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Retirement Guidance: Can You Remain on Medicare If You Return to Work?


It’s not uncommon for people to leave the workforce and return later on. But what does this mean for your Medicare coverage? If your employer offers health insurance, you may be able to take it and remain on Medicare. One will act as primary coverage, while the other will act as secondary coverage, according to UnitedHealthcare. However, the size of the employer offering health coverage matters.

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At companies with under 20 employees, workers generally need to be enrolled in Medicare once they reach the age of 65 to avoid paying extra later. “If they go back to work for an employer with less than 20 employees, they’ll want to keep both Part A (hospital care) and B (outpatient care) because Medicare is primary and the group coverage is secondary,” Danielle Roberts, co-founder of insurance firm Boomer Benefits, told CNBC.

At companies with 20 employees or more, the rules change. In this case, the employer-provided group health plan is primary and Medicare coverage is secondary. If employer coverage comes with a health savings account, you cannot contribute to it if you remain on any part of Medicare, including just Part A.

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Canceling Part A to take advantage of the HSA might not make much sense, either. “If they’ve already begun taking Social Security retirement benefits, they cannot cancel Part A without having to pay back all the benefits they received from Social Security so far,” Roberts added. However, you may use funds from an HSA opened before you enrolled in Medicare, and you can even use the funds to pay your Medicare premiums, according to AARP.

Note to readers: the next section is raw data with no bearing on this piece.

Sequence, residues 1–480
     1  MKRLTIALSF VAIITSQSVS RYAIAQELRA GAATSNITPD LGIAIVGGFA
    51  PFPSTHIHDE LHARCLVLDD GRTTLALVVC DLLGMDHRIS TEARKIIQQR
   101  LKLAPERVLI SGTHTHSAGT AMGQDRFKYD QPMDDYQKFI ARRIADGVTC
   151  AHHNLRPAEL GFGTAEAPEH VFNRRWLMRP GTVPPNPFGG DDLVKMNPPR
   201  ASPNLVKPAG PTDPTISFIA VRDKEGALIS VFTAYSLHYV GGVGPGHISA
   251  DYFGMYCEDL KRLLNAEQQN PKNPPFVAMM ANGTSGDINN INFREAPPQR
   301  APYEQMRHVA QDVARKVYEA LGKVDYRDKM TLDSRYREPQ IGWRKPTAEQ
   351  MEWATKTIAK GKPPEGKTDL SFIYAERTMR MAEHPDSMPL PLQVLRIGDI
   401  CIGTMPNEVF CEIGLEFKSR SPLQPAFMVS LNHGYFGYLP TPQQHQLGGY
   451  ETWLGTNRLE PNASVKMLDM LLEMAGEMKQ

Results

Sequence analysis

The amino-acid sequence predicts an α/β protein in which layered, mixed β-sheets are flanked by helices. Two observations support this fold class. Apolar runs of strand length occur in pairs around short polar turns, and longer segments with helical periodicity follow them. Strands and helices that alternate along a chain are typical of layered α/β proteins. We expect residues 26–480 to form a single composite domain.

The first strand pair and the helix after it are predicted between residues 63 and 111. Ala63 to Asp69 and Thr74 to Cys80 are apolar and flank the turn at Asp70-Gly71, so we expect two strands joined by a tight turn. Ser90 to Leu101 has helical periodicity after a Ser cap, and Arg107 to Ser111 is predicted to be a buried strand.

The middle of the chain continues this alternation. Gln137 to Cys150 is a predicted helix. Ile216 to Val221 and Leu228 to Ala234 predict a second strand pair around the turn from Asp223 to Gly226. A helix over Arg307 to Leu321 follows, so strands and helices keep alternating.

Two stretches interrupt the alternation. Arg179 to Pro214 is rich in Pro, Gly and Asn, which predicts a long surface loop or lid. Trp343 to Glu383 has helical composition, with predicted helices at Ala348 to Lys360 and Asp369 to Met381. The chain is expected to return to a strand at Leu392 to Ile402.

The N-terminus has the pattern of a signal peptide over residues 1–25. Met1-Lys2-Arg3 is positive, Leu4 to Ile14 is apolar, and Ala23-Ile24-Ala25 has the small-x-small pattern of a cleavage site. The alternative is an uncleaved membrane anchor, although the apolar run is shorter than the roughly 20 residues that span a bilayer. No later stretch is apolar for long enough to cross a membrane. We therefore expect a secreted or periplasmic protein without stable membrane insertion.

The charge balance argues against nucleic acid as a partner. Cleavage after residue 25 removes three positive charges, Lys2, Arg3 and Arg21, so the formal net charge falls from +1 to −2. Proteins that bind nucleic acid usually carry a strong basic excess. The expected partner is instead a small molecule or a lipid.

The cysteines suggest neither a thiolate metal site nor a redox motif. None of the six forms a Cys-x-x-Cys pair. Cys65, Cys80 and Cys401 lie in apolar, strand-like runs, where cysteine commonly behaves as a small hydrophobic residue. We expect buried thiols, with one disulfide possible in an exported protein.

If you work for an employer with 20 or more employees, you must keep Part A and Part B. If working for a small employer, on the other hand, you could potentially save money by dropping Part B and using your employer’s health plan, but you first need to check that your employer plan would be considered creditable coverage for Part D.

Additionally, if you have a Medigap policy, you’ll need to drop it. However, Roberts explained that when you pick up Part B again, you get a six-month open-enrollment window to purchase a Medigap policy without underwriting.

If you do decide to drop Medicare, your employer health coverage must be considered acceptable as primary coverage. If not, you could face penalties once you decide to re-enroll in Medicare, according to UnitedHealthcare.

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Daria Uhlig contributed to the reporting for this article.

This article originally appeared on GOBankingRates.com: Retirement Guidance: Can You Remain on Medicare If You Return to Work?